If someone asked you, "Who are you?" what would your answer be? Would you refer to your gender, age, race, religion, education, job, income, politics, family roles, life experiences? Even if you went into detail about all of those things, would they even begin to get at who you really are?

Even in a society enamored of narcissism, it's rare for Americans to ponder who, at core, they really are. Try it, as a mental exercise -- not the adjectives you'd use on Facebook or eHarmony, but the answers you'd privately give yourself. It may startle you to observe the responses that bubble up first.

The linked essays in Joy Castro's "Island of Bones" explore the mystery of identity by showing how tricky it is for Castro to define herself. She's the daughter of Cuban-American parents -- but her forebears came to Key West (Cayo Huesa, the "isle of bones") long before the most-celebrated wave of Cubans. She's Latina -- but adopted, and finds at 26 that her birth mother isn't Latina at all. She's a professor -- but uneasy sometimes in the assured and affluent academic world, given her tangled roots in poverty and struggle.

Castro's adoptive parents divorced when she was young, and her mother, a Jehovah's Witness, married a man who twisted that faith's tenets to abuse her and her children. Castro's father, who rescued Joy and gave her a safe home, later inexplicably committed suicide. She's an agnostic who recites Hail Marys, a feminist who loved teaching in a conservative boys' school.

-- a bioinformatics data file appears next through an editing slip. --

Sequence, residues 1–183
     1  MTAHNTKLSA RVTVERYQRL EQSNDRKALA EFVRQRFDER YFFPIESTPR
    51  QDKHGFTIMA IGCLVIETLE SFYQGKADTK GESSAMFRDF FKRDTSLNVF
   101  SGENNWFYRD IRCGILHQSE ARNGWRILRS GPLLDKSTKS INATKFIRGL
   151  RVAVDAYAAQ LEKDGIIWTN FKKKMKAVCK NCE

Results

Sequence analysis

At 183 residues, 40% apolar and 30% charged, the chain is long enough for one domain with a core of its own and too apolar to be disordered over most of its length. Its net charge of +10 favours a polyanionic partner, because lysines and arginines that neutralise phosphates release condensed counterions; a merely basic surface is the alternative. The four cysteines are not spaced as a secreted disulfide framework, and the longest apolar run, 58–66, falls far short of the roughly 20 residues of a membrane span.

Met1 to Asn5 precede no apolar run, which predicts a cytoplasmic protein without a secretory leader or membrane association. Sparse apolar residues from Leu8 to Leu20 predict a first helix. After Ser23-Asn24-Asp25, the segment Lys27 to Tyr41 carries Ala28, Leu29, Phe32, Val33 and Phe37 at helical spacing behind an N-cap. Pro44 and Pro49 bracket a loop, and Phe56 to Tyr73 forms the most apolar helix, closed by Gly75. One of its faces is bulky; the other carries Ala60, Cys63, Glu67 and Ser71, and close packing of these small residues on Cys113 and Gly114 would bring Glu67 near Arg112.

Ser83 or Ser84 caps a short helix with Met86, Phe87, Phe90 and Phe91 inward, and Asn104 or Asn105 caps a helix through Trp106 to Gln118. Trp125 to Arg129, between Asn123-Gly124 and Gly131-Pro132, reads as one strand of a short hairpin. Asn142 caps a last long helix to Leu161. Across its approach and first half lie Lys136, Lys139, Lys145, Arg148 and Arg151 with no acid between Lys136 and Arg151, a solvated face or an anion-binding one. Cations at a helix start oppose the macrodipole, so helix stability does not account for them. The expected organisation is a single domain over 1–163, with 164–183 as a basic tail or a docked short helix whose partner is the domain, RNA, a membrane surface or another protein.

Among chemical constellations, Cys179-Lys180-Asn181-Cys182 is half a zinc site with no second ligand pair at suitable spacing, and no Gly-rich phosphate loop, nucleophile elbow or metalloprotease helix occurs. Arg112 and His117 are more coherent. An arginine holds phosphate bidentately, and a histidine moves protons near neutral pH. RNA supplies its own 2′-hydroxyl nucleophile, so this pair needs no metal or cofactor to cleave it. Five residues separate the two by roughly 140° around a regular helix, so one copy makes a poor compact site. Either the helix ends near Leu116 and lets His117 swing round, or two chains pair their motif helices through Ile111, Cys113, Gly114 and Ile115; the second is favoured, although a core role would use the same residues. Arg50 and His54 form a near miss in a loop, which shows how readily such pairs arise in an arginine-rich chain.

Castro employs her contradiction-laced, oddball story to demonstrate that who we are is a tricky mix of youthful experience, bad and good, and what we embrace as adults.

"For me," she writes, "all the myths have come undone. ... I don't fit, and that's OK, and that's where I write from: that jagged, smashed place of edges and fragments and grief, ... of perilous freedom."

Most of all, her book is an ode to the transformative power of writing. "Writing provides a way to make sense, in language, of the puzzling, wild, beautiful moments our lives keep delivering to us. ... Offering us psychic space, privacy, and slowness in a rushed and noisy world, writing gives us a chance to tell our secrets, voice our own perceptions."

Shaping "this wild thing that's surged into your notebook" into something of value beyond one's own mental health is what Castro seeks to accomplish with her students. It is of urgent importance to her that young Americans of all walks, especially those with pinched, poor backgrounds such as her own, have access to education -- "everyone must be invited to think," she stresses.

Her book invites us to think not just about who we are, but also about how our deepest aspirations can be more powerful than the boundaries and definitions we impose upon ourselves and others.

Pamela Miller is a Star Tribune night metro editor.